In doomsday move, Knesset may affirm settlers don’t live in Israel - analysis

To show that Bennett’s government is weak, politicians may reject the law that gives settlers in the West Bank the same legislative status as an Israeli resident.

 Jewish settlers look on during a march near Hebron in the West Bank, June 21, 2021 (photo credit: REUTERS/MUSSA QAWASMA)
Jewish settlers look on during a march near Hebron in the West Bank, June 21, 2021
(photo credit: REUTERS/MUSSA QAWASMA)

If one wants to measure the depth to which right-wing politicians in the opposition will sink, one need look no further than their plan to clarify in the Knesset on Monday that West Bank settlers do not live in Israel.

It’s the legislative equivalent of bombing one’s own house.

Indeed, the Likud party – the very party that promised to annex the settlements – now wants to vote to destroy the legislation that ties them to Israel.

These are the same politicians who exclusively use the phrase “Judea and Samaria” rather than “West Bank,” or “communities” instead of “settlements,” to drive home the message that these areas are part of sovereign Israel.

To demonstrate that Prime Minister Naftali Bennett’s government has no capacity to rule, these politicians plan to reject the law that gives settlers in the West Bank the same legislative status as a resident of Israel.

 PRECARIOUS PRIME minister: ‘Naftali [Bennett] already fell.’ (credit: OLIVIER FITOUSSI/FLASH90) PRECARIOUS PRIME minister: ‘Naftali [Bennett] already fell.’ (credit: OLIVIER FITOUSSI/FLASH90)

The law was put in place soon after Israel captured the West Bank from Jordan during the Six Day War in 1967, and has been renewed every five years without fanfare. It is a legislative go-around that allows for Israeli civilian life in Area C of the West Bank to function, even though the area is under IDF military rule.

Politicians on the left and the right renewed the legislation so that its existence would be overlooked. It remained outside of the domestic political and international debate that often dominates every action in the West Bank.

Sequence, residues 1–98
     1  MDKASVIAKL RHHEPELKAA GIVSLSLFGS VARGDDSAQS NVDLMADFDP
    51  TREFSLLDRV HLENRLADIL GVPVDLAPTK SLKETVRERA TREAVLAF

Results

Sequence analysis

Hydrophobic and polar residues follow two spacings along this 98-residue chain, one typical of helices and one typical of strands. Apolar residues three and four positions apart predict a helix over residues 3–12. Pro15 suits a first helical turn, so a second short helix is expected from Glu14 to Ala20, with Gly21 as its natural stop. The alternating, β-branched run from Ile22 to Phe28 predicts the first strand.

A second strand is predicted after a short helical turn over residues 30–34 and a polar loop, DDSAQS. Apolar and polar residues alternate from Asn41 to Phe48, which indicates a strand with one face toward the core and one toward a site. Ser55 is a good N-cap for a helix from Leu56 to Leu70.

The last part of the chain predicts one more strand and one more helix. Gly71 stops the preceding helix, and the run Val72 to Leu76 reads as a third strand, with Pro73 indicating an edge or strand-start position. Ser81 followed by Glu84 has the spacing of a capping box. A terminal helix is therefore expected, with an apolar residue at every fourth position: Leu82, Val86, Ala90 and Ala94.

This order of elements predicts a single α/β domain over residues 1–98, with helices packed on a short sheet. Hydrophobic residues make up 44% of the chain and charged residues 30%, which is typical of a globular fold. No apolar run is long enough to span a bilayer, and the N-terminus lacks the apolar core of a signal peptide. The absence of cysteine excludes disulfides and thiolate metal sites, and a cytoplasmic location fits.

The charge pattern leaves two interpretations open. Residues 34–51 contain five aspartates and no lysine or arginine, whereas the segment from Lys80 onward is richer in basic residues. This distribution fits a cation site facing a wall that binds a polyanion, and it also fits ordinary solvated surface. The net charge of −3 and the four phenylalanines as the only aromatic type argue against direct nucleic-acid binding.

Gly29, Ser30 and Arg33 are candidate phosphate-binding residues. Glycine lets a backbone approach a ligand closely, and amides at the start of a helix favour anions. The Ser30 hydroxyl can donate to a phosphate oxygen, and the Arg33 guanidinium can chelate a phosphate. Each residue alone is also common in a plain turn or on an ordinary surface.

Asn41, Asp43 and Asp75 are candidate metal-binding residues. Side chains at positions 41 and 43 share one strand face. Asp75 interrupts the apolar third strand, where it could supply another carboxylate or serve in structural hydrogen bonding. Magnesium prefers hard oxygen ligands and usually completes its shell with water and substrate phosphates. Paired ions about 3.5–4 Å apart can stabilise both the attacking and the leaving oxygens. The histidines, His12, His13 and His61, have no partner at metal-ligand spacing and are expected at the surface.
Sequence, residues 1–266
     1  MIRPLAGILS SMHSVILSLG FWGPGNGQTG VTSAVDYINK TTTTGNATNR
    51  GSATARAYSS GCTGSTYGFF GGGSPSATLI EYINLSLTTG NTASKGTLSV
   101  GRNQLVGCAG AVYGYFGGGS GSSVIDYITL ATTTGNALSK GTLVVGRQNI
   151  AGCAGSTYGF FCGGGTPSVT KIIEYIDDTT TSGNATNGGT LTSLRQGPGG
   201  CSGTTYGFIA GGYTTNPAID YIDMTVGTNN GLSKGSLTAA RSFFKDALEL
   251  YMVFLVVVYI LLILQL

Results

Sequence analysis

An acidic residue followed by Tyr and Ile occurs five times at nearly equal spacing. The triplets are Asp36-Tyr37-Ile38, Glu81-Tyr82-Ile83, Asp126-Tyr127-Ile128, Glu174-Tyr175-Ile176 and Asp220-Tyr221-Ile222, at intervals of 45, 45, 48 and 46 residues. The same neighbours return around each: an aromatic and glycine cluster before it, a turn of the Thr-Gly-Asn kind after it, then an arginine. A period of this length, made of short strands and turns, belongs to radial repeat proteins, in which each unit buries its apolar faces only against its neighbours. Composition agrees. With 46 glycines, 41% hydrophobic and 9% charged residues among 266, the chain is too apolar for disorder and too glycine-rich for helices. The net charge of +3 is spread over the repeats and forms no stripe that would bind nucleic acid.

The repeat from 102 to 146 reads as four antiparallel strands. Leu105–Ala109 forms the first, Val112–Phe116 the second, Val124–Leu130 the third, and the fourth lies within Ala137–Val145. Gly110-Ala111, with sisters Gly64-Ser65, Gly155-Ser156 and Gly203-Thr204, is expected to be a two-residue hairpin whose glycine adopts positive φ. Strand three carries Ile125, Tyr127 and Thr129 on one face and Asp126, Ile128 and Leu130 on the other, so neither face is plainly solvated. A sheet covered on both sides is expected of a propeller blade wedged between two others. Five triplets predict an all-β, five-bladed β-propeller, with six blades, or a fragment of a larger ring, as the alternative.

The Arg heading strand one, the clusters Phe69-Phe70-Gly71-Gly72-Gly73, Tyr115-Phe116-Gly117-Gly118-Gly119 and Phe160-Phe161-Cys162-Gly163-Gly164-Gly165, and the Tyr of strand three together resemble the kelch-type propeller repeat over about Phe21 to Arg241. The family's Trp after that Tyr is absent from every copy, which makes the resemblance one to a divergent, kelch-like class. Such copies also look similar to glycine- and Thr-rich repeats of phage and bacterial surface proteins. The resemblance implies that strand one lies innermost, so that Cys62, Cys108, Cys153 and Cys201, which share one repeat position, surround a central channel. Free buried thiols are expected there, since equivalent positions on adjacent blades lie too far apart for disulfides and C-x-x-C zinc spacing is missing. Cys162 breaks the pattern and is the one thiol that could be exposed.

The ulterior motives

The need for its renewal is a technicality that has been exploited by the opposition, which hopes that its failure to pass and the ensuing chaos would doom Bennett’s government and lead to an election.

It is such a high stakes gamble that prompted the Yesha Council, including its leader David Elhayani and its CEO, Yigal Dilmoni, to urge politicians in the Likud and the religious-Zionist party to vote in favor of the bill.

Projected real-life consequences

Erasure of the law presents security concerns, as it would prevent the Israeli police from operating in the West Bank.

No less important would be the erasure of many of the civilian laws that allow settlers to function. They would effectively be viewed as Israelis living outside the county, and would lose access to rights granted to Israelis in sovereign Israel.

This would include, for one, driving licenses and car registration. An Israeli living in Germany, for example, cannot apply for an Israeli driver’s license. Should the law fail to pass, neither will the Israeli living in Ma’aleh Adumim. The story is the same if the car is stolen – insurance will not apply.

The same is true for national insurance and state health insurance. Budding attorneys who live in the settlements will not be able to register for the bar, and young adults cannot be drafted into the army.

Tax laws are not applicable nor are inheritance laws or adoption laws.

“If this law is not renewed, chaos will descend,” said Dilmoni, adding that both the security of the area and civilian life there were at risk.

“It could drag the area into anarchy,” he said.

He urged politicians to forgo the power battle and to renew the law.

“Anyone who cares about life in Judea and Samaria must vote for this bill.”

Yigal Dimoni

Some pundits have speculated that the risk is cosmetic. The vote to renew can fail on Monday, but the legislation can be brought back and passed either by the time the legislation expires at the end of June or soon after.

This brief time, in which the rights are revoked, might cause problems the way a strike would, but the issues would disappear once the bill was restored.

The fear is what happens if the bill is rejected and the government falls, thereby creating an unduly prolonged period in which civilian life grinds to a halt.

For almost 55 years, Israel has quietly reaffirmed the right of its citizens to live with full rights outside its sovereign borders, effectively making those communities de-facto islands of Israeli sovereignty.

Not passing the bill could be the kind of statement that awakens international opposition to reinstating the legislation, should it be absent for a prolonged period.

It effectively gives credence to those who want to see the settlements evacuated.

Time will tell

On Monday, the passage or failure of the bill will first be an issue of domestic politics. If the settlements are annexed in the future or a resolution to the conflict is reached, this debate will remain an internal one.

But if the status quo continues, it is likely that the next battle to renew the bill won’t be between the government and the opposition, but between Israel and the international community.